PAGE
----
Despite spending more than any other country in the world on healthcare, the U.S. ranked 37th among 191 nations in healthcare delivery, according to a report released last week by the World Health Organization.
France, which spends $2,125 per person--$1,599 less than the U.S.--finished first in the ranking, which was based more on access to care than overall quality of care delivered.
The report examined the overall health of each country; health inequities within the population; how nations respond to problems in their healthcare systems; how well people of varying economic status within a country are served by their system; and how costs are distributed among the population.
E. Richard Brown, director of the UCLA Center for Health Policy Research, said he believes the study should be a wake-up call regarding the inefficiencies of healthcare delivery in the U.S.
"We simply don't control how money is spent on a policy basis," Brown said. He added that delivery of healthcare in the U.S. is rife with administrative costs, profit-making and fraud not present in some other countries.
"There is a wide variation of performance, even among countries with similar levels of income and health expenditure," said WHO Director General Gro Harlem Brundtland, M.D.
Oman, which was cited as having a poor healthcare system 30 years ago, finished eighth, even though it spends just $334 per person per year on healthcare. Japan, which spends $1,759 per person, finished 10th, although it was cited by the WHO as having the healthiest citizenry in the world.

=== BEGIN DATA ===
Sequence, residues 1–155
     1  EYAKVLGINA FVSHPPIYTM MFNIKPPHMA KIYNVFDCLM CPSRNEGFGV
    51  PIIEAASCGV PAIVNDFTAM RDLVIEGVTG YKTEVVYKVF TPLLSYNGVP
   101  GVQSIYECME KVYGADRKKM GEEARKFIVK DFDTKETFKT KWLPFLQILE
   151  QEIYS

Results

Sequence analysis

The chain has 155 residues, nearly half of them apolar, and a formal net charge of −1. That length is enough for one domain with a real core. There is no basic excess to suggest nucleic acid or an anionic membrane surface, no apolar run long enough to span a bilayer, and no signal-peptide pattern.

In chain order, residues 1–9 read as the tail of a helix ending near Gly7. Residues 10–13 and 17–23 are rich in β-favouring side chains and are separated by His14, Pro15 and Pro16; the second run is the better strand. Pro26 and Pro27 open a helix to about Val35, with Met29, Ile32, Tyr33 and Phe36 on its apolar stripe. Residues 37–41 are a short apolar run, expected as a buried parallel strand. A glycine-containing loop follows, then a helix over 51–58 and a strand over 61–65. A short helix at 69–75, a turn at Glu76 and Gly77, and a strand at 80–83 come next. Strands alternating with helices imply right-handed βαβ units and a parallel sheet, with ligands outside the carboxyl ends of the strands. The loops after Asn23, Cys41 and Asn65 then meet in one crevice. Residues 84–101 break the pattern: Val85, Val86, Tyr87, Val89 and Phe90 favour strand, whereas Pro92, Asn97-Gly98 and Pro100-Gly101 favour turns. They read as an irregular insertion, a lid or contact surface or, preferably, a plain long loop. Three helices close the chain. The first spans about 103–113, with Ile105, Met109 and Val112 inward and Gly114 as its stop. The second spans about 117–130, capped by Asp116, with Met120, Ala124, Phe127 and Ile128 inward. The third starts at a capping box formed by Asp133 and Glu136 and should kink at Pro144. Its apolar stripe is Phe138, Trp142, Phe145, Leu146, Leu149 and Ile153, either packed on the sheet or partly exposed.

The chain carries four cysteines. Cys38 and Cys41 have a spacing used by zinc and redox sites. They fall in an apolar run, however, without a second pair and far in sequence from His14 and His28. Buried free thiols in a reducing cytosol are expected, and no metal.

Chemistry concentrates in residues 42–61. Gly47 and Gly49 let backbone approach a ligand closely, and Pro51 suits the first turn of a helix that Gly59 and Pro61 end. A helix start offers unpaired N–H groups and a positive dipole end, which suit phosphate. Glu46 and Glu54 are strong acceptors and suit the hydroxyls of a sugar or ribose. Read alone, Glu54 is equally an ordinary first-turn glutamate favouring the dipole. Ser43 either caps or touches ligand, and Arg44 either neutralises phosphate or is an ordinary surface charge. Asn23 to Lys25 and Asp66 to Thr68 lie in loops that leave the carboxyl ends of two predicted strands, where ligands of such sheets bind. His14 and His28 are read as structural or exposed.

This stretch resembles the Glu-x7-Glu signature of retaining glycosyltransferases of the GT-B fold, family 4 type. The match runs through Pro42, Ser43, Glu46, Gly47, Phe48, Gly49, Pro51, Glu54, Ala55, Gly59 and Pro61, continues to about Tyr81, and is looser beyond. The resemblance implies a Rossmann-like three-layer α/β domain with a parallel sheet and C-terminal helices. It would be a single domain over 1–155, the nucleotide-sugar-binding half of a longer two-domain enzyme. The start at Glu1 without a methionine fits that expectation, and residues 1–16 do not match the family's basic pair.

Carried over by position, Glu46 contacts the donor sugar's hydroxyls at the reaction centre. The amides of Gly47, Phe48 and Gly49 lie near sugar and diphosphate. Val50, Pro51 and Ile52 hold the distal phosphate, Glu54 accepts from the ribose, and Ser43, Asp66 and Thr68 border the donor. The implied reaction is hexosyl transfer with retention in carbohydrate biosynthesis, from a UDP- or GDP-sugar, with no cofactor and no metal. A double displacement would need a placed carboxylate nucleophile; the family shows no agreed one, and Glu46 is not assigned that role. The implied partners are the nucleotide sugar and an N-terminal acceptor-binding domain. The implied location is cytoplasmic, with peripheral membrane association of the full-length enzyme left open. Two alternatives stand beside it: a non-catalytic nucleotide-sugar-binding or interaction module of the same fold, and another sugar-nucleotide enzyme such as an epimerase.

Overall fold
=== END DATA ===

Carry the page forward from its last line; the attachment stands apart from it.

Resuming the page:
The United Kingdom finished 18th on the list, even though it spends only 6% of its gross domestic product on healthcare--less than half what the U.S. spends. Colombia, rated the fairest country in distributing the financial burden for healthcare, finished 22nd.
The U.S., which spends $3,724 per person, was ranked as the most responsive healthcare system, but the report noted that often depends "strongly on the availability of resources" in a particular locality.
Many of the lowest-ranked countries were in Africa, which has been ravaged by the AIDS epidemic and civil warfare.
As a result of its findings, the WHO concluded that most countries underutilize their resources and often ignore the health problems of the poor. It also criticized countries for not paying enough attention to the way healthcare is delivered in the private sector and health systems for failing to enforce regulations designed to protect the public interest. It recommended that countries extend their safety nets, either in the form of affordable health insurance, or have citizens prepay for healthcare through taxes or some other financial mechanism.